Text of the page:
White Head Black Bulbuls

White Head Black Bulbul

A One Time Import

In the 1990’s to about 2005, some interesting species of bulbuls were imported from Asia, and we have found the White-Head Black Bulbuls to be one of the most attractive.  This species was imported into the USA only once as far as we know, and this was around 2000.  We were able to obtain six individuals at the time.  This species is hardy, and as of the winter of 2015, we still have one of these original imported birds.  This species is also cold hardy and can take 30 degrees Fah. with ease once acclimated.

If you are working with this species, please contact us so we can share experiences and possibly trade bloodlines.. 

Identification Issues

The Black Bulbul (Hypsipetes madagascariensis or H. leucocephalus as it is also referred to) has a wide native range and is found in Madagascar and southeast Asia.  There is not much literature on the species in the wild and even less in avicultural literature.  What little we have found, observed, or been told is as follows; we are definitely not done with our research!

Identifying softbills can be tricky!  Of the ten or so subspecies, or races, of the Black Bulbuls, there are several of them that have white heads.  These are commonly called White-Head Black Bulbuls.  The visual difference between the subspecies seems to be the extent of the white.  You would think these birds are a completely different species because of their varying appearances!   These Black Bulbul subspecies should not to be confused with H. thompsoni, which is a totally different species called White Head Bulbuls!  

Differences of White Head Black Bulbuls

At least two of these white-headed subspecies occur in Thailand and two in China.  We  observed and obtained three  different white-headed subspecies imported in 1998 – 2000.  At the time we purchased the birds, the importer told us that they could be visually sexed by the amount of white on the head and breast.  However, later we learned by surgical and DNA sexing that this was not accurate, and the amount of white is a race difference, not a gender difference.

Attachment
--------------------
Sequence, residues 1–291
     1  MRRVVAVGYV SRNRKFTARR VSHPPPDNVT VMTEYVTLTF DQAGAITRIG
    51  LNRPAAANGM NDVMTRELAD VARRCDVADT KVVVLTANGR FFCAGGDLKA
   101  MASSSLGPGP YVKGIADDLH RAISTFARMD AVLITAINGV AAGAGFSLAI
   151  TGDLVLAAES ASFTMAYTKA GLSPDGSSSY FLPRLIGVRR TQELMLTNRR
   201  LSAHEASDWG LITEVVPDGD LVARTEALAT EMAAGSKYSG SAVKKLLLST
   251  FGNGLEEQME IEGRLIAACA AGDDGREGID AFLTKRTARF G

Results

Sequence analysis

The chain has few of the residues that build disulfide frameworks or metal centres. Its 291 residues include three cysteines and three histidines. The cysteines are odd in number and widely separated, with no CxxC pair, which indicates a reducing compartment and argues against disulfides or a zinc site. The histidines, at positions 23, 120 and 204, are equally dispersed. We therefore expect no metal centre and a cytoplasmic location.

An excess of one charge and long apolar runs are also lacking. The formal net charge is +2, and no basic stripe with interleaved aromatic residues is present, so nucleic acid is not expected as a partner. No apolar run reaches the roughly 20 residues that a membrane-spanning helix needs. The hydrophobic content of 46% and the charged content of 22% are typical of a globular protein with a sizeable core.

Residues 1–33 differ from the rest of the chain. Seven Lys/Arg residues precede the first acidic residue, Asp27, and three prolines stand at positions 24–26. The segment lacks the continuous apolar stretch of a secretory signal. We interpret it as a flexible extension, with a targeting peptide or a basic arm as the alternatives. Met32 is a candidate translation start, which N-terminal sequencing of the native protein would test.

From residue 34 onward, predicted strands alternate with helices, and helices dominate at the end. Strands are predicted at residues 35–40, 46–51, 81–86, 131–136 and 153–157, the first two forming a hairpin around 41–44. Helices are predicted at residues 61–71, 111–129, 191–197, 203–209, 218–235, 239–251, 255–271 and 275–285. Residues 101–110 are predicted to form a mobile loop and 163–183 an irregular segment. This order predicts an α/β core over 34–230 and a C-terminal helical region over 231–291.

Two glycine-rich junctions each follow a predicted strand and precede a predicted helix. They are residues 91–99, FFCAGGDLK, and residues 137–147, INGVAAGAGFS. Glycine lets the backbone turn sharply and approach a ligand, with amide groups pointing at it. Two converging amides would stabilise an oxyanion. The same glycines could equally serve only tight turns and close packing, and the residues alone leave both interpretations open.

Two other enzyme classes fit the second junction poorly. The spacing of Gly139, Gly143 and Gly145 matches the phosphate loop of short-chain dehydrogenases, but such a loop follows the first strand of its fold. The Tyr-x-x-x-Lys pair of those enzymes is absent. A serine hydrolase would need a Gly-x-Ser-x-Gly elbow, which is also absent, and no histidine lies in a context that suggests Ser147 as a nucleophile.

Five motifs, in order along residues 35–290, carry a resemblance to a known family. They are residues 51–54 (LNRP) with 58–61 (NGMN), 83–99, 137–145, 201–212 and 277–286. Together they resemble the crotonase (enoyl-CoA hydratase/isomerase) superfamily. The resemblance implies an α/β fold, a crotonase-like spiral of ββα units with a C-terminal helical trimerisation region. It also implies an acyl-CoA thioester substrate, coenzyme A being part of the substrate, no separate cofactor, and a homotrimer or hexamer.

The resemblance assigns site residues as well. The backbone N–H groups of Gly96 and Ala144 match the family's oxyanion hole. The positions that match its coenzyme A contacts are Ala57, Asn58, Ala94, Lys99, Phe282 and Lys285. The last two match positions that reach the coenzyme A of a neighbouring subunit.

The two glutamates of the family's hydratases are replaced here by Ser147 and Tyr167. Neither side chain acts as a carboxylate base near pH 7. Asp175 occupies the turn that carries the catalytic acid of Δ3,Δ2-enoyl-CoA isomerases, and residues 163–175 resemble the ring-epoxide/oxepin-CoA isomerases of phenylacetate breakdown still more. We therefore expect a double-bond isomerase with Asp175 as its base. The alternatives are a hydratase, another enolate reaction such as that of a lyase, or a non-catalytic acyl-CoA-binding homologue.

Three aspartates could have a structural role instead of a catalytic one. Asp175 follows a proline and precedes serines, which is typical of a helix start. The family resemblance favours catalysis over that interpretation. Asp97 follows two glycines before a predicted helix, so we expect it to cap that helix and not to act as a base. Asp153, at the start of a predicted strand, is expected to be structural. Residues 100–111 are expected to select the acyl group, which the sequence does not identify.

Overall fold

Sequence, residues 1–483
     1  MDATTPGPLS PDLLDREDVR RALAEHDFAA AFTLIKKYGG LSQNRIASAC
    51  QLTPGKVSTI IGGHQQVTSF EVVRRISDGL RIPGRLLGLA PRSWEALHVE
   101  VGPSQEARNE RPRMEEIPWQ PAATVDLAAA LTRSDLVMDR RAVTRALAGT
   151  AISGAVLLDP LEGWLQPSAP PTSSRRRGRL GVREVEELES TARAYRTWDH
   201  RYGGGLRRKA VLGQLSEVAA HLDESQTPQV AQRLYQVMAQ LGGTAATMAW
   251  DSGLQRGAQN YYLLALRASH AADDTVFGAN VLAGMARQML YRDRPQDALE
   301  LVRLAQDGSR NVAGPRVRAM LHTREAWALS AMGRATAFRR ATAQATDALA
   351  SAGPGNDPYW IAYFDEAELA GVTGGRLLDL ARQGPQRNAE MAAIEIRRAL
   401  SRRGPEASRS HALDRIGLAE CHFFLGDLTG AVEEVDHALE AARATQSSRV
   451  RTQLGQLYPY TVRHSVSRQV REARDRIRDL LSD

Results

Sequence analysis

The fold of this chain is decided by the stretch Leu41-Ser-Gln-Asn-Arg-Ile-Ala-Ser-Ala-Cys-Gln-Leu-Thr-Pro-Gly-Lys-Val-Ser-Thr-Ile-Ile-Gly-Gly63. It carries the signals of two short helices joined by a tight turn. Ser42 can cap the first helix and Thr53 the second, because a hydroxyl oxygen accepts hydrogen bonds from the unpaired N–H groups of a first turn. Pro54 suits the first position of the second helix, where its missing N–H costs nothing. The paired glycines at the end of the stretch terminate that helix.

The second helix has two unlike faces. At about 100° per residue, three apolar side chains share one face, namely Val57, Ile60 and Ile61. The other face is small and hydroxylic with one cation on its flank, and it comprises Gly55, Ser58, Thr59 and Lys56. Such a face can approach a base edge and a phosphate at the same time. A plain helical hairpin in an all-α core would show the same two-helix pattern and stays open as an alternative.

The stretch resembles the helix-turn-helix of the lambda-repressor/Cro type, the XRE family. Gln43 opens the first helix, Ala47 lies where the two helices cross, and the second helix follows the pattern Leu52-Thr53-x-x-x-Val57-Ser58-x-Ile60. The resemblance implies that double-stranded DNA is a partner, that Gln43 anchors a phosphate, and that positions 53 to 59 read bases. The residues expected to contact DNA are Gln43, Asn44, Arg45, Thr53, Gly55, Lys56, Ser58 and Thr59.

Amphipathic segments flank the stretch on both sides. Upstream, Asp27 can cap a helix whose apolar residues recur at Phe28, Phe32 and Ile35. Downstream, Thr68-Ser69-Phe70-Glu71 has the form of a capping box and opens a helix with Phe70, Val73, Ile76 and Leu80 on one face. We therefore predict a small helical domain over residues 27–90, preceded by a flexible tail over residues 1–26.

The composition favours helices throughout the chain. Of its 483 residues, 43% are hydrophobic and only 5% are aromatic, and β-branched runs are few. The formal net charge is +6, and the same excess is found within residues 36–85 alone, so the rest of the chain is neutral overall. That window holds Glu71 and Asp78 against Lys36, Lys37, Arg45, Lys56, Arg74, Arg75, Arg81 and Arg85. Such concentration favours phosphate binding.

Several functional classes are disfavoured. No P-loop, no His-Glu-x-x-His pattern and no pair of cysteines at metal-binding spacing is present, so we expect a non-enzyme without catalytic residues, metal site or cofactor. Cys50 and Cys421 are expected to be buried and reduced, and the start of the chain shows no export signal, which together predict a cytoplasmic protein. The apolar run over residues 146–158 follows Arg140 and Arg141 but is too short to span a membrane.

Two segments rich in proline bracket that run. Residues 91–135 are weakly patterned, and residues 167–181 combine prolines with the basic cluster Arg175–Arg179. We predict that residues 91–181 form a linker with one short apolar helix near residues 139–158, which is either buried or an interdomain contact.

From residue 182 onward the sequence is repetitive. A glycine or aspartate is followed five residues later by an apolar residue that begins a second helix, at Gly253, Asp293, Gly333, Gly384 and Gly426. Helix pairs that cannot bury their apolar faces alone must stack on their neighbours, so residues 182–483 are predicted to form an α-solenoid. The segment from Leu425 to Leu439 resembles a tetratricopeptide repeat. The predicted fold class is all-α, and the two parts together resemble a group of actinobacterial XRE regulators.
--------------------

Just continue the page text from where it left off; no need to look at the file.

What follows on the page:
One is the subspecies in which the white extends down to completely cover the breast and nape of the neck ( H. m. leucothorax), another in which the white only covers the head and throat (H. m. stresemanni or H. m. leucocephalus), and possibly a third, much like the former, but with dalmatian black spotting on the white breast.  Unfortunately we had only one individual of the races stresemanni and leucocephalus so we were not able to breed them.  We were able to breed leucothorax and continue to work with the bloodlines today.  Unfortunately we may be the only breeders of the White Head Black Bulbuls in the USA today.
White Head Black Bulbul (H. m. stresemanni or H. m. leucocephalus)

Visual Sexing

As the years passed working with these subspecies, we discovered that the subspecies can be visually sexed accurately.  However, we have all our birds surgically sexed to confirm  our hypothesis.

Males have dark, solid, black plumage and are heavier bodied.  Females are a lighter, charcoal, blackish-grey color with definite white edgings on the undertail covert feathers. This is different than the white down feathers that are exposed when plumage is ruffled on either gender.  Immature (less than one year) male birds can have the white edging like the females but the black plumage of the male.  Juvenile birds are totally charcoal grey, and the white markings come in gradually, taking up to five months to completely color in.  Young birds look like females. 
White Head Black Bulbul (male above/female below)

Heavy Moulters

Bulbuls are very well-groomed birds with typically immaculate plumage when well cared for, but once a year the White Head Black Bulbuls go through an extremely heavy moult in which they lose most of their head feathers at the same time, as well as many of their other body, wing, and tail feathers so that they look horribly abused or diseased!  This occurs at the end of breeding season.   
When purchasing birds at marts or from quarantine, they typically do not have perfect plumage to begin with and when moulting… yuch!  This period of time certainly does not do justice to the beauties into which these birds will turn.  Few bird species moult this heavily.
White Head Black Bulbul in Moult

White Head Black Bulbuls in Our Aviaries

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Copyright 07/09  Kateri Davis